5. Lincoln was the upstart, Douglas was the political powerhouse.

Lincoln, who had been offended by Douglas's position on slavery and its spread into western territories, began dogging the powerful senator from Illinois in the mid-1850s. When Douglas would speak in public, Lincoln would often be on the scene and would offer a rebuttal speech.

When Lincoln received the Republican nomination to run for the Illinois senate seat in the spring of 1858, he realized that showing up at Douglas speeches and challenging him would probably not work well as a political strategy.

Lincoln challenged Douglas to the series of debates, and Douglas accepted the challenge. In return, Douglas dictated the format, and Lincoln agreed to it.

Douglas, as a political star, traveled the state of Illinois in grand style, in a private railroad car. Lincoln's travel arrangements were much more modest, as he would ride in passenger cars with other travelers.

6. Huge crowds viewed the debates, yet the debates were not really the focus of the election campaign.

In the 19th century, political events often had a circus-like atmosphere. And the Lincoln-Douglas debates had a festival air about them. Huge crowds, up to 15,000 or more spectators, gathered for some of the debates.

However, while the seven debates drew crowds, the two candidates also traveled the state of Illinois for months, giving speeches on courthouse steps, in parks, and in other public venues. So it's likely that more voters saw Douglas and Lincoln at their separate speaking stops than would have seen them engaging in the famous debates.

As the Lincoln-Douglas Debates received so much coverage in newspapers in major cities in the East, it's possible the debates had the greatest influence on public opinion outside of Illinois.

7. Lincoln lost.

The voters watching and listening to the debates were not even going to vote on the two candidates, at least not directly.

At that time, U.S. Senators were not chosen by direct election, but by elections held by state legislatures (which would not change until the ratification of the 17th Amendment to the Constitution in 1913).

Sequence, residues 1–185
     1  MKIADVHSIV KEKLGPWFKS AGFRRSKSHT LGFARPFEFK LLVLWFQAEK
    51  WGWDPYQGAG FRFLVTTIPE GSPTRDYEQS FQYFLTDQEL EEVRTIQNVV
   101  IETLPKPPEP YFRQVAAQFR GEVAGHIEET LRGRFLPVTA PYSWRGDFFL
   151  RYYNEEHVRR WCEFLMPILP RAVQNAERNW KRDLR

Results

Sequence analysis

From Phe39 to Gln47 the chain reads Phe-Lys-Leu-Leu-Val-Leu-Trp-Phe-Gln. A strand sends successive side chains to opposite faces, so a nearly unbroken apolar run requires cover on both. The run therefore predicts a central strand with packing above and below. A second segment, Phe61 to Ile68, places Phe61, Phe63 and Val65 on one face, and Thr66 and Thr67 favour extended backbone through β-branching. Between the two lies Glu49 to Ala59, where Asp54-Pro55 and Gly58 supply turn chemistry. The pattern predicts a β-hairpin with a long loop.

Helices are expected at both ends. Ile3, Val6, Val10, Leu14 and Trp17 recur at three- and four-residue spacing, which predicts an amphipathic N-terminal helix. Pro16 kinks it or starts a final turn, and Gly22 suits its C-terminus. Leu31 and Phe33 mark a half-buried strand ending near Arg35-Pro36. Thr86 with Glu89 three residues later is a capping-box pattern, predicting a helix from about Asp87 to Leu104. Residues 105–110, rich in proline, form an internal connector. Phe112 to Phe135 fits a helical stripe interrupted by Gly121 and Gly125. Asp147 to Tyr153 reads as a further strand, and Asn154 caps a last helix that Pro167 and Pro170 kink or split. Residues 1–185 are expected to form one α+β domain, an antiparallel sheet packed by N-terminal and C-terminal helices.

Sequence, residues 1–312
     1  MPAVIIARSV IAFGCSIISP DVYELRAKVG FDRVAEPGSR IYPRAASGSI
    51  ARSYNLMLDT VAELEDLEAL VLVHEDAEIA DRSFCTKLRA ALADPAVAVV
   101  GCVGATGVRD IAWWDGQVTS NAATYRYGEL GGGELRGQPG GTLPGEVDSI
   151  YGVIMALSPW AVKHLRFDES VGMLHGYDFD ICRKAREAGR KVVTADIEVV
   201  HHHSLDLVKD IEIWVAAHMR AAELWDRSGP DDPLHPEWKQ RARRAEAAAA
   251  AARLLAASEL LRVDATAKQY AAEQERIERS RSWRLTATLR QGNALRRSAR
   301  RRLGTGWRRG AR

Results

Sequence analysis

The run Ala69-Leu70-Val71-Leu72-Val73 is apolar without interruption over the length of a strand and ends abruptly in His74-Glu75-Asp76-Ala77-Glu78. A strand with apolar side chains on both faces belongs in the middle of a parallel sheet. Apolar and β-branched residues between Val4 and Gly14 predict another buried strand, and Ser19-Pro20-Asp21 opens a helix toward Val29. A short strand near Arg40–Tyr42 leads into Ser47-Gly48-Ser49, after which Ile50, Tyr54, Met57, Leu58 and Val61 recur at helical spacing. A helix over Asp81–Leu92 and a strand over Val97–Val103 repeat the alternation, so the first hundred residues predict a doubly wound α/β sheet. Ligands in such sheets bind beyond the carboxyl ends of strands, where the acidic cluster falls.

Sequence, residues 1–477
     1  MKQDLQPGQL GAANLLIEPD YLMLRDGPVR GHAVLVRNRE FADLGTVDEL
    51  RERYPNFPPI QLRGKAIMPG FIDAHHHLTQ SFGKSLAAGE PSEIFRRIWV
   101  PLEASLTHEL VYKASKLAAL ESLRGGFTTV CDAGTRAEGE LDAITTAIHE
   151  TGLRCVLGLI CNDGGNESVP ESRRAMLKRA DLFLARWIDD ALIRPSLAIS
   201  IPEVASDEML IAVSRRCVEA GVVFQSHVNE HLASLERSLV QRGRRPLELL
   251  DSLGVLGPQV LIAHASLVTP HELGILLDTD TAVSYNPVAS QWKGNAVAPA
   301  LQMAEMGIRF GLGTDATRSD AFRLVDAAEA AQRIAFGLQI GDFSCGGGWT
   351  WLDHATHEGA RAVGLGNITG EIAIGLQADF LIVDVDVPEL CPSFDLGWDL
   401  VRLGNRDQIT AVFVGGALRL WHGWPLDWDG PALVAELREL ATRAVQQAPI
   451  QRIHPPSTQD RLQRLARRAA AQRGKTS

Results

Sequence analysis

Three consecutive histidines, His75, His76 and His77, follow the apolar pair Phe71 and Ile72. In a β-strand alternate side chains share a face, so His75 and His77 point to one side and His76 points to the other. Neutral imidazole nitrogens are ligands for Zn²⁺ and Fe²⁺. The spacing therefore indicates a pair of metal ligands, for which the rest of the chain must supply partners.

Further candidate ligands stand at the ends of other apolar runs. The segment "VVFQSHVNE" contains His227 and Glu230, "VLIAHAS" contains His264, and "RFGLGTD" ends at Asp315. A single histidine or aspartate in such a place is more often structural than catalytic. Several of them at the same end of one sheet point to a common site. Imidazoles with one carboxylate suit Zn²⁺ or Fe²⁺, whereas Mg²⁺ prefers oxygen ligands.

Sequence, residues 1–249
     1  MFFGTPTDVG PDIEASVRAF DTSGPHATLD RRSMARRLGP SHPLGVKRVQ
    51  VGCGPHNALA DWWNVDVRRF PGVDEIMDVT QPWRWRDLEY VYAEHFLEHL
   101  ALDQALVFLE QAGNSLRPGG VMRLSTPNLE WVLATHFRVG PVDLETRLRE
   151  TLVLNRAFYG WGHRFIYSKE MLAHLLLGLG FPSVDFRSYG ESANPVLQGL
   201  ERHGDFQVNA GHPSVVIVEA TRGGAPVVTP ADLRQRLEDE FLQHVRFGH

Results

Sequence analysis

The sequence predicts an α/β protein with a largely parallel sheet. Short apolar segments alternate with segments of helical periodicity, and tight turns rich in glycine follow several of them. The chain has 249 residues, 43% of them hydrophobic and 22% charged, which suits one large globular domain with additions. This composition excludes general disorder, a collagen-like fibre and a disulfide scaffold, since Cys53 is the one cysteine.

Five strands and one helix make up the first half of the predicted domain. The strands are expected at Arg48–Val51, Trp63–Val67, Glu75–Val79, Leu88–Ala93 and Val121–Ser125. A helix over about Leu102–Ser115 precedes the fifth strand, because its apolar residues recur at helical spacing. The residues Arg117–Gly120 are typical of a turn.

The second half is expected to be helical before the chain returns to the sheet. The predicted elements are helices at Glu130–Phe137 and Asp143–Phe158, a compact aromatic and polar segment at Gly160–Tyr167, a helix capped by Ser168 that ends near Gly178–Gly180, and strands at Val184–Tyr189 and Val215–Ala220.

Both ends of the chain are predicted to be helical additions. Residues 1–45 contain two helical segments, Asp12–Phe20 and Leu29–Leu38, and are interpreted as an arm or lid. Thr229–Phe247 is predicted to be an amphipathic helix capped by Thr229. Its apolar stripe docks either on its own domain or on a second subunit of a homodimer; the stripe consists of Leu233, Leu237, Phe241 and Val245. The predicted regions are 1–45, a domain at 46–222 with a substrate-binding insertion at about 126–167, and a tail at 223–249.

So the election in Illinois wasn't really for Lincoln or for Douglas. Voters were voting on candidates for the statehouse who would then vote for which man would represent Illinois in the U.S. Senate.

The voters went to the polls in Illinois on November 2, 1858. When the votes were tallied, the news was bad for Lincoln. The new legislature would be controlled by the party of Douglas. The Democrats would have 54 seats in the statehouse, the Republicans, Lincoln's party, 46.

Stephen Douglas was thus reelected to the Senate. But two years later, in the election of 1860, the two men would face each other, as well as two other candidates. And Lincoln, of course, would win the presidency.

The two men would appear on the same stage again, at Lincoln's first inauguration on March 4, 1861. As a Senator, Douglas was on the inaugural platform. When Lincoln rose to the take the oath of office and deliver his inaugural address, he held his hat and looked about for a place to put it.

As a gentlemanly gesture, Stephen Douglas reached out and took Lincoln's hat, and held it during the speech. Three months later Douglas, who had taken ill and may have suffered a stroke, died.

While the career of Stephen Douglas overshadowed that of Lincoln during most of his lifetime, he is best remembered today for the seven debates against his perennial rival in the summer and fall of 1858.